Walker uses several literary devices to examine the themes in the story and to give a voice to the poor and the uneducated.
Point of View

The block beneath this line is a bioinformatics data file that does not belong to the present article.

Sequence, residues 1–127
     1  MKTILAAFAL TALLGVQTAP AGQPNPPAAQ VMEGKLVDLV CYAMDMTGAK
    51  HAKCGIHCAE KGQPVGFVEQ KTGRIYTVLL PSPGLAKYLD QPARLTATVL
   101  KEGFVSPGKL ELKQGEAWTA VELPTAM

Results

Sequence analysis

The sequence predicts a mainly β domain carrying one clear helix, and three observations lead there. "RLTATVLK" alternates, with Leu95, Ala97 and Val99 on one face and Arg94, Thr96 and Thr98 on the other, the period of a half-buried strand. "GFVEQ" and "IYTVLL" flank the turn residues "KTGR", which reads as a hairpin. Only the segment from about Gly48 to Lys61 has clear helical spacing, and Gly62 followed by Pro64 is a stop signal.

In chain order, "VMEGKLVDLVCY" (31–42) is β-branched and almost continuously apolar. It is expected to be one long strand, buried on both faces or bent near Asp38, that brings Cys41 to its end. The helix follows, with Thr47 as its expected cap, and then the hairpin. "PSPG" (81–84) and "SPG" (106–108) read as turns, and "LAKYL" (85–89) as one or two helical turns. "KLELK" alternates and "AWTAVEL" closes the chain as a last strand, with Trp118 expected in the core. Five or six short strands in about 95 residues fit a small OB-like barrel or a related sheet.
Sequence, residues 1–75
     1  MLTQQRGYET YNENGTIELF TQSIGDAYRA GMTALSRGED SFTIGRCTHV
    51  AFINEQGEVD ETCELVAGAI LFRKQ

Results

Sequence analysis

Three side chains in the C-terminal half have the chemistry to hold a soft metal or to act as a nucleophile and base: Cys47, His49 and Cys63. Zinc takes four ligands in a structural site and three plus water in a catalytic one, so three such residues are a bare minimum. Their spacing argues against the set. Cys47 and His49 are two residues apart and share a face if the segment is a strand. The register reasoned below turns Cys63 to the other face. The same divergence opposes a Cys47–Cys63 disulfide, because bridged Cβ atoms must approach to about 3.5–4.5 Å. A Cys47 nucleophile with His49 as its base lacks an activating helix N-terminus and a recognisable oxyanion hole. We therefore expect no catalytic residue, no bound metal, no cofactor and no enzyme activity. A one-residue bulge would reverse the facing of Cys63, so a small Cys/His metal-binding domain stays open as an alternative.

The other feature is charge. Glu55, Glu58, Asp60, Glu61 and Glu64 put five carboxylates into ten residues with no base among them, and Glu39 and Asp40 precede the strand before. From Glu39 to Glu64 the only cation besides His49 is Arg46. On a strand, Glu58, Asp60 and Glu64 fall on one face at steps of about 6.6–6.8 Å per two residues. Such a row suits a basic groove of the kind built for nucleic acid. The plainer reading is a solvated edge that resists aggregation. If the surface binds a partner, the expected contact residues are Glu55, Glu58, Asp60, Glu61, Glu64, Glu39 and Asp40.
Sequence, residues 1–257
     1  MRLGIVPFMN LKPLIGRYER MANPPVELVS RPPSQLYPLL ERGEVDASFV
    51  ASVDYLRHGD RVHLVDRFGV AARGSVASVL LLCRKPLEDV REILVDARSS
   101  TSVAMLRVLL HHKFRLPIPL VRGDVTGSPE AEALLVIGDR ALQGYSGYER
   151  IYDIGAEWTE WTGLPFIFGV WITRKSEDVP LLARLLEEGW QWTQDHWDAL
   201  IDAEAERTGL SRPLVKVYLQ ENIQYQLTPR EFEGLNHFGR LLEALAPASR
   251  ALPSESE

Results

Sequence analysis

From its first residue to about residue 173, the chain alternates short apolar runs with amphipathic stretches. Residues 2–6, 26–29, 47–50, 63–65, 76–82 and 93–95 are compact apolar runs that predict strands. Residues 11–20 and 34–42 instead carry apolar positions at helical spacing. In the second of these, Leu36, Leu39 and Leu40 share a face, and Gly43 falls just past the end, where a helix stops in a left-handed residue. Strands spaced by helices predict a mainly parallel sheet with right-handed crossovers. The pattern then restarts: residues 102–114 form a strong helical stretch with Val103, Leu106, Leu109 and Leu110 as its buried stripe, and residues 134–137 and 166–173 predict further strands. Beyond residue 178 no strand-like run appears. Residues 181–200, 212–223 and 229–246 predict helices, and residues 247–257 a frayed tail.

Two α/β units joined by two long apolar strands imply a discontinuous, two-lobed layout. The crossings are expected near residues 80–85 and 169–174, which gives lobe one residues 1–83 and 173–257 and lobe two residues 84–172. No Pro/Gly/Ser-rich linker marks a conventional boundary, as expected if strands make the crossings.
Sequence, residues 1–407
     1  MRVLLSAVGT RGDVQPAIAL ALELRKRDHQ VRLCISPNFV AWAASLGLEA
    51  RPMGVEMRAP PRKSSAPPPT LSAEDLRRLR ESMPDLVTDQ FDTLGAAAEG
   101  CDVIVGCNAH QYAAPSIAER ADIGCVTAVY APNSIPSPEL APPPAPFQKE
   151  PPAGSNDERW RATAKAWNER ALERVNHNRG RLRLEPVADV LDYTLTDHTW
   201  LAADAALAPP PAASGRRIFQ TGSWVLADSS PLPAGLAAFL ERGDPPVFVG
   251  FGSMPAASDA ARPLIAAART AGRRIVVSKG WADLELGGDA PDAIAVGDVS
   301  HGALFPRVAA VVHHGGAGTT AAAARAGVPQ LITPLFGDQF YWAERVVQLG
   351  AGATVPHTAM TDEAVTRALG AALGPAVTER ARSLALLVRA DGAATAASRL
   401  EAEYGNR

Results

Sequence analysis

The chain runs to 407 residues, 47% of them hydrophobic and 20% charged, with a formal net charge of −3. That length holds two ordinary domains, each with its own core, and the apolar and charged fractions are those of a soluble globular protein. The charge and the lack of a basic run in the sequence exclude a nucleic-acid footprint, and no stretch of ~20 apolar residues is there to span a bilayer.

''Everyday Use'' is told in first-person point of view. Mrs. Johnson, an uneducated woman, tells the story herself. The reader learns what she thinks about her two daughters, and her observations reveal her astute observations about life. This technique seeks to validate the experiences of an often oppressed group of people: lower-class, black women. By putting Mrs. Johnson at center stage, Walker confirms her value and importance...
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